setnakht
     SETNAKHT AND THE CLASSIC MEMORY
                                     
                      By Marianne Luban (c) 2003
      Much of our data about the rulers of ancient Egypt we have gleaned from their
monumental inscriptions.  The ancients were in the same situation, no doubt just as
intrigued by the mixture of facts, hints and distortions chiseled onto the more accessible
stone-works such as statuary and stelae.  Nothing, outside of a lucky find like the Great
Harris Papyrus,  is as edifying as a pharaonic stela.  Although only single copies of many
of these monuments have survived, it is likely that most were duplicated and erected in
various parts of the realm in their time.  By the time that the Greek travelers, like
Herodotus, came to Egypt, the lore of the stones was well-engraved in the minds of the
Egyptians, who were not loathe to pass on the information, embellished by imaginative
generations.  Of course, there were learned men who could easily read the texts, written in
Middle Egyptian,  but it would seem that the historians of antiquity frequently asked the
wrong priests what the monuments said and got the "popular version" instead of a literal
Greek translation.
       Egyptology confidently recites the kingly succession of the 19th Dynasty through
the reign of Merneptah, the son of Ramesses the Great, but suddenly seems to stutter
and mutter until it reaches the accession of Setnakht and his son, Usermaare Ramesses III.
Abruptly after that, the relationships of the successors to one another once again becomes unclear.
However, if truth be told, this state of affairs already began in the twilight years of the 18th Dynasty.
Just what was happening in those days when Akhenaten turned the Two Lands topsy-
turvy with his religious zealotry?  When he finally said farewell to Egypt's throne, who
remained to take his place?  And how many stood by as candidates, waiting for the
natural or unnatural process of selection to occur?  While the annals of Egypt are silent
regarding much of the intrigue and strife, the Hellenes, ironically, offer all sorts of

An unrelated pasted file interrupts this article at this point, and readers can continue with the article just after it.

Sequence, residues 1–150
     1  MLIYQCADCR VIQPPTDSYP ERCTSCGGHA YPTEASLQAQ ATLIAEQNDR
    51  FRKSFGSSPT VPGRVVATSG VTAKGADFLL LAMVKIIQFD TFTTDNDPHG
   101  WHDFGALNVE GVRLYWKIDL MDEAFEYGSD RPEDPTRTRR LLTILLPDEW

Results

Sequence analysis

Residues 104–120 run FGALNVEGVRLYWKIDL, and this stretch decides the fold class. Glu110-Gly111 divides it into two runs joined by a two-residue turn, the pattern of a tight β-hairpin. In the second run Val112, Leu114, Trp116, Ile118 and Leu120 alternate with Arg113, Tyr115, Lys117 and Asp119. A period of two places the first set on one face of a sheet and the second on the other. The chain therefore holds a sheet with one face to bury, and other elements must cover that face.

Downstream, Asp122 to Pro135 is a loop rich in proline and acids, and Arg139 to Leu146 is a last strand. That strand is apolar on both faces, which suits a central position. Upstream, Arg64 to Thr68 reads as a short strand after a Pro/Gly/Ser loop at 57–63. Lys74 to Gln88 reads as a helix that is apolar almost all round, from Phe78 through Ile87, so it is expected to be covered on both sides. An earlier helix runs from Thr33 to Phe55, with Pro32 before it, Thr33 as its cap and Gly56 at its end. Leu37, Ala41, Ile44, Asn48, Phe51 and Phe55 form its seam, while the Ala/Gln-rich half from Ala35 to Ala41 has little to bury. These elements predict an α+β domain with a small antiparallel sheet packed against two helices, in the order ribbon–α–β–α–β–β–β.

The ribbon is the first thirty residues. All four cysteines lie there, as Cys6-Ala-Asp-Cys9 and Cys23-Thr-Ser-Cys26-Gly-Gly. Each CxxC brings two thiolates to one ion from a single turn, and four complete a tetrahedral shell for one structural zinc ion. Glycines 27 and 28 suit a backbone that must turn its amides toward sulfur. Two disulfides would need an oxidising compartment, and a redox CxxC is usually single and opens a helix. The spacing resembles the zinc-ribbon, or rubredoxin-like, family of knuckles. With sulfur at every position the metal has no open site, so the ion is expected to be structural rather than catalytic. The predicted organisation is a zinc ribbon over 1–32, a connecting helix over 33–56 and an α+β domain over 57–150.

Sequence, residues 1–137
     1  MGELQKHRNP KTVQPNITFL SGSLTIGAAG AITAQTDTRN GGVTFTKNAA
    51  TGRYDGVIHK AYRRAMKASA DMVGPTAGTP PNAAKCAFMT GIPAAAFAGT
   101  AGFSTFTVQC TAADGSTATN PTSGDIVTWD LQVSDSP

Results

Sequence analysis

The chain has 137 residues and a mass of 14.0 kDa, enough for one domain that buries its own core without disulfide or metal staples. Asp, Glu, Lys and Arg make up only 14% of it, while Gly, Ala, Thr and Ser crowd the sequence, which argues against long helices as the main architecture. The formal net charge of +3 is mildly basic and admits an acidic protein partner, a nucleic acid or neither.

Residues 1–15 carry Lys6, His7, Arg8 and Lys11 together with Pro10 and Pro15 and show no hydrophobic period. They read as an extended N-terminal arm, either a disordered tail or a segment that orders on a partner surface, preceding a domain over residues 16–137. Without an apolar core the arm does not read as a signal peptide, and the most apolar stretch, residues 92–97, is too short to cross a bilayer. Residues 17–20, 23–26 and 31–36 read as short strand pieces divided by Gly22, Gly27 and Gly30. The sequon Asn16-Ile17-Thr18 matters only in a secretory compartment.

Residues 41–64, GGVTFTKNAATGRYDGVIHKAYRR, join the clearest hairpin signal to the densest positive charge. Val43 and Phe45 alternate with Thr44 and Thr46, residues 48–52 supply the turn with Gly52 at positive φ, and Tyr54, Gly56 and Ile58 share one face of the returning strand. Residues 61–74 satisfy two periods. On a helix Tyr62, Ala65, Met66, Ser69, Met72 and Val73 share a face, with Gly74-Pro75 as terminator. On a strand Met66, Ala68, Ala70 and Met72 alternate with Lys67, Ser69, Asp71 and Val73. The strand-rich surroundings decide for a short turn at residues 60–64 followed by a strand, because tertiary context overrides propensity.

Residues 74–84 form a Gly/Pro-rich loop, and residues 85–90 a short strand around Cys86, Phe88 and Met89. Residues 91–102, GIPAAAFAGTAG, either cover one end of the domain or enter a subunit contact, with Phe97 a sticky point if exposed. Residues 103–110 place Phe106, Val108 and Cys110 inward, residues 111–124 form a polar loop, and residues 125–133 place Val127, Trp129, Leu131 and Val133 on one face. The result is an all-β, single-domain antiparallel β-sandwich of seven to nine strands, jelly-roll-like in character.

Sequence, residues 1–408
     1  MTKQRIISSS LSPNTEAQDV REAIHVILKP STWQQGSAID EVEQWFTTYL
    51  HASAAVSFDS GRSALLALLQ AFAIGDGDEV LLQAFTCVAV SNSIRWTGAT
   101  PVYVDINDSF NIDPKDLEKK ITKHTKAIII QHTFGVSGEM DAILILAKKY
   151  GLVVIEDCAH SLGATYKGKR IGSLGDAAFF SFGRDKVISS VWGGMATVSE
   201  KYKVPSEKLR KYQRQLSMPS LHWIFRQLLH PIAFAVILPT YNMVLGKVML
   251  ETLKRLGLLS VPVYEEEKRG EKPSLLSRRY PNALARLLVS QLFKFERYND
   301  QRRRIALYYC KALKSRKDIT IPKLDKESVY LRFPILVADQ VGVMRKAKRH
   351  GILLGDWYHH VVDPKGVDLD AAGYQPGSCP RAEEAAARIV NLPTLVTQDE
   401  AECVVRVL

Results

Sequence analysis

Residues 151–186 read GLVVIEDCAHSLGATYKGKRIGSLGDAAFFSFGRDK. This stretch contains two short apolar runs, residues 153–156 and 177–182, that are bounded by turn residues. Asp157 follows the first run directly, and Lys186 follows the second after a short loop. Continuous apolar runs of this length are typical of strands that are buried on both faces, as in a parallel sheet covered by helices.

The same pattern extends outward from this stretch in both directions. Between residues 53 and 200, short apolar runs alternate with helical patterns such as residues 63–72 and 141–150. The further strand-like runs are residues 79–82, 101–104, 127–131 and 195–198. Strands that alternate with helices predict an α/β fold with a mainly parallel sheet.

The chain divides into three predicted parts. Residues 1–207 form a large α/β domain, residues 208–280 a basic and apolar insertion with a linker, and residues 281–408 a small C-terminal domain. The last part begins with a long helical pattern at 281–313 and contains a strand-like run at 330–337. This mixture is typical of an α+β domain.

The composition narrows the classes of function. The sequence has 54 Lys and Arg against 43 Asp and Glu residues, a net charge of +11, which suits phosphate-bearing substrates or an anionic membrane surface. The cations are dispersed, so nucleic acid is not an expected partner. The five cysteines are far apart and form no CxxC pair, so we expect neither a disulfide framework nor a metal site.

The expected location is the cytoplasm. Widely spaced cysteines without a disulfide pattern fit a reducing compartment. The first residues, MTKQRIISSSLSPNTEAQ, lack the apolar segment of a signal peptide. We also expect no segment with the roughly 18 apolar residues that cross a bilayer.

tantalizing rumors about the monarchs of Egypt in the form of dramas and "histories". 
The names are changed to Greek ones, but the characters are far from unrecognizable. 
Yet the dilemma remains--how much history is embedded in the histrionics?  How much
truth lurks behind the hearsay?
       The Great Harris Papyrus seems to take a dim view of the entire process that led to the
founding of the 20th Dynasty.  Long years of turbulence and strife are described, probably
correctly and certainly aptly.  An "Irisu", reportedly a Syrian, is mentioned as having
"raised himself among them to be prince" and this upstart has been conjectured to be
Chancellor Bay.  However, this is not necessarily the case.  There is always room for one
more opportunist--including possibly the first 20th Dynasty king, Setnakht, himself, of
whose origins we know nothing.  However, it was said in antiquity that a certain Proteus was
the son of Aegyptus, the rival of Danaus. 
       There was an Egyptian king, otherwise remembered by the Classic authors as
someone "whose name in the Greek language was Proteus"  and who was reputed to have
entertained Helen of Troy at his court. Diodorus Siculus states that this "Proteus" was
also called "Ketes", by which, of course, he means "Khenti", this Egyptian word having
the same meaning as the term "proteios" does in Greek, which is to say "first and
foremost".  Proteus was supposed to have been judged by the god, Hermes, to be the most
virtuous man alive and, indeed, the Greeks considered Proteus to be rather a saintly type,
quite the opposite of his son, Theoclymenos.  
        The son of Proteus, Theoclymenos ("He who is illustrious on account of a god"),
fell in love with Helen of Troy and wished to marry her.  This was the theme of a drama
by Euripides, "Helen", in which the beauteous woman of Sparta finds herself languishing by
the Nile, having been spirited there by Paris, also called "Alexander". Her protector, the noble
pharaoh, Proteus, having died, Helen seems doomed to become the wife of the repulsive Theoclymenos,
but her husband, Menelaus, is shipwrecked on Egypt's shores and makes his way to her.
The couple is aided by Proteus's daughter, Theonoe, called "Eido" (Wadjet) in her younger
days due to her "blooming" beauty, and manages to escape.

HELEN: Geography first: the river is the Nile
Beautiful, and undefiled.
The soil of Egypt depends on it;
We get no water from the sky:
Ours comes from pure white snow,
Which melts and floods the Egyptian plain.
History: king of this land was Proteus. Now dead.
He ruled from his palace on the isle of Pharos.
He married one of the "girls from the deep" -
A sea-nymph, Psamathe - when Aeacus had finished with her.
She gave him two children, born here in the palace:
A boy, Theoclymenus (who did not live up to
The theological promise of his name), and
A girl, the princess Eido, named for her beauty,
Her mother's darling - as long as she was a child.
When she was grown up - sexually mature -
They changed her name to Theonoe:
Theonoe, "the mind of god", because she turned out
The theological one. She knows all the gods' plans
Past, present and yet to come.
A useful talent inherited from her grandfather Nereus
(translation:  Andrew Wilson)

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